Jurisdiction

Section 12 of the Act provides that the courts in England and Wales will have jurisdiction over sections 1, 24 or 6 offences committed in the UK, but they will also have jurisdiction over offences committed outside the UK where the person committing them has a close connection with the UK by virtue of being

  • a British national or ordinarily resident in the UK,
  • a body incorporated in the UK or
  • a Scottish partnership. 

However, as regards section 7, the requirement of a close connection with the UK does not apply. Section 7(3) makes clear that a commercial organisation can be liable for conduct amounting to a section 1 or 6 offence on the part of a person who is neither a UK national or resident in the UK, nor a body incorporated or formed in the UK.

In addition, section 12(5) provides that it does not matter whether the acts or omissions which form part of the section 7 offence take part in the UK or elsewhere. So, provided the organisation is incorporated or formed in the UK, or that the organisation carries on a business or part of a business in the UK (wherever in the world it may be incorporated or formed) then UK courts will have jurisdiction.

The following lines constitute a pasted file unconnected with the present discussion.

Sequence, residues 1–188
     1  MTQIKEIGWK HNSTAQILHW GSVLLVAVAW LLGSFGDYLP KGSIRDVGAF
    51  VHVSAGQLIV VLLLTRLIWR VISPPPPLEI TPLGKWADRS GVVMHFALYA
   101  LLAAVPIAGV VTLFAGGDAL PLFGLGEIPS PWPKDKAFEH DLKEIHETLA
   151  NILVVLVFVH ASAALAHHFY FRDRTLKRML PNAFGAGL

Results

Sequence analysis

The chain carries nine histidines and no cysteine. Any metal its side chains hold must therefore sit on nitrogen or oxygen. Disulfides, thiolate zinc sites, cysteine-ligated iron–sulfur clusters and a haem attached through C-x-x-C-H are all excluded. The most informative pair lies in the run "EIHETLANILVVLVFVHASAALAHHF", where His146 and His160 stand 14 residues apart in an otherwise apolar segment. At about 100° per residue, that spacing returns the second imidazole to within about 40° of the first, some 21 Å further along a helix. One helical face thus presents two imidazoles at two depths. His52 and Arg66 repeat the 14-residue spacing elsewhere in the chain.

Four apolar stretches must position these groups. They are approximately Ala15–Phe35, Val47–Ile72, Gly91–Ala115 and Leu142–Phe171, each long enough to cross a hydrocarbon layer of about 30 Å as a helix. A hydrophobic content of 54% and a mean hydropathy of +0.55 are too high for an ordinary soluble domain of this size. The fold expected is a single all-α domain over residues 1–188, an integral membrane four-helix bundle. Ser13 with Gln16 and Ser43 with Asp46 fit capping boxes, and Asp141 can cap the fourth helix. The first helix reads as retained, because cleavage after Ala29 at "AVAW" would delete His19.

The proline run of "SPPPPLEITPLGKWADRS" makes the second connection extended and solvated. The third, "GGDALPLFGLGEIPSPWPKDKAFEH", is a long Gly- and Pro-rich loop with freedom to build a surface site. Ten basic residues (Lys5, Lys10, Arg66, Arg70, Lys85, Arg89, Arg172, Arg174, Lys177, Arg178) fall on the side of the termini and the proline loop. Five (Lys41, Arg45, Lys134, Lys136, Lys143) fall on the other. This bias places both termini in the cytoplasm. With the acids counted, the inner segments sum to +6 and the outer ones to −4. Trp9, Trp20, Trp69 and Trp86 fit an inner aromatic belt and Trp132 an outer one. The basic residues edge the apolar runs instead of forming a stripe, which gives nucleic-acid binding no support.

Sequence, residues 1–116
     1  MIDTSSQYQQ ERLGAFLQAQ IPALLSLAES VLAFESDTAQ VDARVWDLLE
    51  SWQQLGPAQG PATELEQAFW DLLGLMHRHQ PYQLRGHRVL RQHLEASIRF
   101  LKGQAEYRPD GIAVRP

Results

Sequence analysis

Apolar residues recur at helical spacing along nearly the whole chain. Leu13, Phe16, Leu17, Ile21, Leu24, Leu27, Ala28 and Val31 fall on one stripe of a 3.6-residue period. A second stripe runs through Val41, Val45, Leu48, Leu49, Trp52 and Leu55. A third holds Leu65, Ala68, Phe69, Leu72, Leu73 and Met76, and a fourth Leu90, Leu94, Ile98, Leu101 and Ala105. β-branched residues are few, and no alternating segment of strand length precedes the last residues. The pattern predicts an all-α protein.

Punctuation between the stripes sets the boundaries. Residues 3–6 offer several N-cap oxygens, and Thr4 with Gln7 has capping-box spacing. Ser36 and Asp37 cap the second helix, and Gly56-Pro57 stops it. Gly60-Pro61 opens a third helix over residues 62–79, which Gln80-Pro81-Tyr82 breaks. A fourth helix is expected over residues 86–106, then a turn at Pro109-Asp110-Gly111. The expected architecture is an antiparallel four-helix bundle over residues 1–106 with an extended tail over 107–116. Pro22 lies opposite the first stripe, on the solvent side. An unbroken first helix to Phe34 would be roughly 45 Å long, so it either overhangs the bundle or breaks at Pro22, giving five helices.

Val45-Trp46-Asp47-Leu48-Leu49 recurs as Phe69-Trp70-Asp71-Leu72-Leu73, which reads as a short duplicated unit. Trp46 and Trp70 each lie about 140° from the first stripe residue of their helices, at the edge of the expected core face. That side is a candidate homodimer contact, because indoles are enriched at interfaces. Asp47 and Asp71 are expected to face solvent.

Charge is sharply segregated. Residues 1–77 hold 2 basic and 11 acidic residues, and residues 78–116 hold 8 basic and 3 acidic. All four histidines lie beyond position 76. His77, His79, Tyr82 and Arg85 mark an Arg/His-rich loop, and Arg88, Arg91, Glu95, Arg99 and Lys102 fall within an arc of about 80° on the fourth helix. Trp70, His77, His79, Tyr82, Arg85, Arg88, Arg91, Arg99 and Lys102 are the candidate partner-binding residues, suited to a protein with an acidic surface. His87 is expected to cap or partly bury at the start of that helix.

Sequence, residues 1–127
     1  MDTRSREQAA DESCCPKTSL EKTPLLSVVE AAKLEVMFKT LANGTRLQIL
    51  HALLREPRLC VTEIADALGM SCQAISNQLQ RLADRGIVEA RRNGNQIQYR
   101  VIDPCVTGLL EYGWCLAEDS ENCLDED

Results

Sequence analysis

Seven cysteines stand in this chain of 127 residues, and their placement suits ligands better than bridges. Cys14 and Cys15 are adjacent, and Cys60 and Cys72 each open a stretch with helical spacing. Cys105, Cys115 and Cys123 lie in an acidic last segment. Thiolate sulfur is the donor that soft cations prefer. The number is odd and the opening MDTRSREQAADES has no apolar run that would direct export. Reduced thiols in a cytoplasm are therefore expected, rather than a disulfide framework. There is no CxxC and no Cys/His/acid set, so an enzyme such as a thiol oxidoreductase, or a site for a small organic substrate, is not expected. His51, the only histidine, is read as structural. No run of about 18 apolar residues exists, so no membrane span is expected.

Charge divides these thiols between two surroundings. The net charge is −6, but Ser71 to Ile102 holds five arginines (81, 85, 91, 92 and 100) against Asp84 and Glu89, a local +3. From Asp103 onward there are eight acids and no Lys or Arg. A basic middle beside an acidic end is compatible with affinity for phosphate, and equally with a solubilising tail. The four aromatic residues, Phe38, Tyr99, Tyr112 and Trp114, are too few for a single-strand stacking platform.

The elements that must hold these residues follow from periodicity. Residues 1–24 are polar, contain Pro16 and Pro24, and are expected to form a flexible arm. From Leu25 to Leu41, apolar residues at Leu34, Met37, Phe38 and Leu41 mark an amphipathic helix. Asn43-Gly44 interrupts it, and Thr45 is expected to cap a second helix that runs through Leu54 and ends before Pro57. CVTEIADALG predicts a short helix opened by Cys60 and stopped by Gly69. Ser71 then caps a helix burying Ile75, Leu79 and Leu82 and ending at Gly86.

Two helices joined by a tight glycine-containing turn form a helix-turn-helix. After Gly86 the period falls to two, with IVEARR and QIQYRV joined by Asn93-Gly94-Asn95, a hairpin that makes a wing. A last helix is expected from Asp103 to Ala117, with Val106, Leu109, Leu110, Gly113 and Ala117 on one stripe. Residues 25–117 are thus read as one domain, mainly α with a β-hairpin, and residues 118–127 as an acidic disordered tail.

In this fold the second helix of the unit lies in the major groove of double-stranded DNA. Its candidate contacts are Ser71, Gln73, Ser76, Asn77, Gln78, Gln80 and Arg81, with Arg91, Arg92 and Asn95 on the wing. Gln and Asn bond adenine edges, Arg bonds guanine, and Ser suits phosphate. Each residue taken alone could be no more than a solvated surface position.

There are many multi-national companies incorporated abroad that could be caught out if they operate under the regime in the USA as that is not as strict as the UK law. We await consequences if the UK picks on a large USA corporation.

Clarke Kiernan, Bribery Solicitors,

2 – 4 Bradford Street, Tonbridge, Kent. TN9 1DU

Phone: 01732360999, Fax : 01732353835, fraud@clarkekiernan.com, Map